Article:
What is a Personal Injury Case

You have suffered a personal injury if you have medical expenses caused by the wrongful act of another. If the wrongful act caused the death of a loved one, a “wrongful death”, you would also have a claim categorized as a personal injury. If you witnessed the injury of a loved one, you might have an action for emotional distress. You might claim the defendant committed a “tort” or violated a statute.

Personal Injury Case

A tort occurs when someone commits a wrongful act which is not a breach of contract and not necessarily a crime. Everyone has a duty to use reasonable care in their daily dealings. When someone violates that duty of reasonable care, that is a tort.

Some laws assume the injured person is entitled to compensation even without proof of a wrongful act. Strict liability laws vary from state to state, but examples include laws governing dog bites, airplane crashes, and dram shops or social hosts (selling or giving alcohol to an intoxicated person who causes injury.)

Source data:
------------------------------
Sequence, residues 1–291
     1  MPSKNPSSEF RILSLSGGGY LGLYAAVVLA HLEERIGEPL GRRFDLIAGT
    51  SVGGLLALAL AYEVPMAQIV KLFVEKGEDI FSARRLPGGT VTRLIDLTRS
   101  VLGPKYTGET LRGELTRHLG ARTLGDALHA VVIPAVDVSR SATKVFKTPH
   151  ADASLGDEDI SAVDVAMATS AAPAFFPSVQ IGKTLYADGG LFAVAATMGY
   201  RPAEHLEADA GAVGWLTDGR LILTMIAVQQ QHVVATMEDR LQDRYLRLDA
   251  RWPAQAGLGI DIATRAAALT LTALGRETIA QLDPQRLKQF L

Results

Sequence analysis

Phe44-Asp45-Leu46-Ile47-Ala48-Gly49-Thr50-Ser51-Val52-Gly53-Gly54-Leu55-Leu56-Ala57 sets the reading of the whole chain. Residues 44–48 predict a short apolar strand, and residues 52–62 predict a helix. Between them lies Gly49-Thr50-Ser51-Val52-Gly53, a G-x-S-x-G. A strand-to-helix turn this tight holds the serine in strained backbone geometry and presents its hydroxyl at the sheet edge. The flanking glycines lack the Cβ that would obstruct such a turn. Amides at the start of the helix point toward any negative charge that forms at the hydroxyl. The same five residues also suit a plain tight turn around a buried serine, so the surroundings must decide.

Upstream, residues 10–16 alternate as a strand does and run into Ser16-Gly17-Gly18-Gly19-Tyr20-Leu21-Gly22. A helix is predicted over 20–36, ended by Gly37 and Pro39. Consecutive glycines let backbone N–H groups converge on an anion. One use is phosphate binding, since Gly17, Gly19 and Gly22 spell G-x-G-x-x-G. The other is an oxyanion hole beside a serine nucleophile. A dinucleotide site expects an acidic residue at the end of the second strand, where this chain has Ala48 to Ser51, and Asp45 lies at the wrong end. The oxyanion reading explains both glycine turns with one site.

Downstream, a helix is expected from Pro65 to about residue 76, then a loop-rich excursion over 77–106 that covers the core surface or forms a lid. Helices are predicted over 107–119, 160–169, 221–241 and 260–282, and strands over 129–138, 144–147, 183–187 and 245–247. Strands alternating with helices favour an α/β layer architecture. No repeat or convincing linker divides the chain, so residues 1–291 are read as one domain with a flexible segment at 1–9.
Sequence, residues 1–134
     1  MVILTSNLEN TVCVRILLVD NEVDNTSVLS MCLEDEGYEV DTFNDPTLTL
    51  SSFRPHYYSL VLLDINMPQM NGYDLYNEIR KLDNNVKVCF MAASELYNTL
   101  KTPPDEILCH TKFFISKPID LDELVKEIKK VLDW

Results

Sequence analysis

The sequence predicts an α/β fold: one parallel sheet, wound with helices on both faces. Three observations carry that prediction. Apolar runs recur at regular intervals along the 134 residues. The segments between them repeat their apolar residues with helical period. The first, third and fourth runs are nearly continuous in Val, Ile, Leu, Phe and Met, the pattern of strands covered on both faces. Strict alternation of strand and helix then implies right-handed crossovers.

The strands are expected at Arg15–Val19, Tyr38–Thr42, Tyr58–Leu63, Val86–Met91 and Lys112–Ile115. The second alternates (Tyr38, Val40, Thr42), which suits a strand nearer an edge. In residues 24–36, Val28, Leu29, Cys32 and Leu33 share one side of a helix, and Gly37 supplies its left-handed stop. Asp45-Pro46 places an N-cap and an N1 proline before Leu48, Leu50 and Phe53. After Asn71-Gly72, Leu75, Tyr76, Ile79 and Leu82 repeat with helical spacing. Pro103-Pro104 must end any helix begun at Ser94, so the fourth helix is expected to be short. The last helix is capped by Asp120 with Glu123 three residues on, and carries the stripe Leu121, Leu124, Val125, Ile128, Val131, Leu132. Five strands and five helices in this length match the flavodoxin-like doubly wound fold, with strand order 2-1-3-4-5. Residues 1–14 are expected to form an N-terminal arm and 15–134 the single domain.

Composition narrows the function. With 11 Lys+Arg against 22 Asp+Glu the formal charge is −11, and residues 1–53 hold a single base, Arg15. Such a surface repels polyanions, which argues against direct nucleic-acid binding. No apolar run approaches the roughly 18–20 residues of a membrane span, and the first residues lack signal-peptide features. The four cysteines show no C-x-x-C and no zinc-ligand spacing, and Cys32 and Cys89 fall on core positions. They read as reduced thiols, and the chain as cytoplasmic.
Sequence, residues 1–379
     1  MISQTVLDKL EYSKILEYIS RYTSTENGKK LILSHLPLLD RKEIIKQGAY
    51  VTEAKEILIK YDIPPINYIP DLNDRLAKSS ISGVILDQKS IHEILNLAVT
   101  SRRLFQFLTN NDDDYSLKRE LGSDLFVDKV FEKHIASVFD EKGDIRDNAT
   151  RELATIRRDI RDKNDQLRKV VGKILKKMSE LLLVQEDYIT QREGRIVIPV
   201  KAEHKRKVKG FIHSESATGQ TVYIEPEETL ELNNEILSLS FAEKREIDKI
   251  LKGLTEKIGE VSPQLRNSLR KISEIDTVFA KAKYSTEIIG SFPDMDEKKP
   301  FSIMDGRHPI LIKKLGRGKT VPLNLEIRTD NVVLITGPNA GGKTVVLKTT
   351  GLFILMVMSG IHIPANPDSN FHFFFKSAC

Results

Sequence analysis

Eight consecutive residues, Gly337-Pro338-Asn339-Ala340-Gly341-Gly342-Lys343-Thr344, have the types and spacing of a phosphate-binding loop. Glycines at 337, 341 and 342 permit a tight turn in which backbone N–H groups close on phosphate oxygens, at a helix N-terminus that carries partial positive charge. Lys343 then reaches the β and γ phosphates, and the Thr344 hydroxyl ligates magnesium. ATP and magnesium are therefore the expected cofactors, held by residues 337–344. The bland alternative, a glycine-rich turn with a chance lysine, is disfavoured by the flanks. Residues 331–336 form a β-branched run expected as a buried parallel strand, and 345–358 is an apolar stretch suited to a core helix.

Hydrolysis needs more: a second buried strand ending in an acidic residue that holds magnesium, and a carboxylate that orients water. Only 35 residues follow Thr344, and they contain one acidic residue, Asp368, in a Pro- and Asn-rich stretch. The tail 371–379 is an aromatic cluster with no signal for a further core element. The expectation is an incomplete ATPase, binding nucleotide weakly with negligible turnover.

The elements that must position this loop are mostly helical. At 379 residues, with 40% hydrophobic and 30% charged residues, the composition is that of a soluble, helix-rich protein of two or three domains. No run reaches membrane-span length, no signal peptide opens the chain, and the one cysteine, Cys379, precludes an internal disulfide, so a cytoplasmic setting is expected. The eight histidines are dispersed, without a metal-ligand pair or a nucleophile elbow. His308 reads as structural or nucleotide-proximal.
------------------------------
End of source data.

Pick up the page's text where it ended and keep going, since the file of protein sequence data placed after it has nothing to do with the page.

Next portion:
Someone who brings a claim against another to collect money for a personal injury is a “claimant,” and, once a lawsuit is filed, is properly called a “plaintiff.” If the person or entity against whom the claim is brought is insured, that person or entity is the “insured.” Once a lawsuit is filed, the person or entity against whom the claim is brought is the “defendant.” Defendants can also sue each other and bring in additional persons or entities for reimbursement. Depending on the state, those persons or entities might be called cross-defendants, counter-defendants, or third-party defendants. Any of these parties can also file a claim against the plaintiff within the same lawsuit. In this book, we’ll call the person who has the original claim the “plaintiff” and anyone who might be called upon to pay will be called the “defendant.” The terms “claim” and “case” are used interchangeably.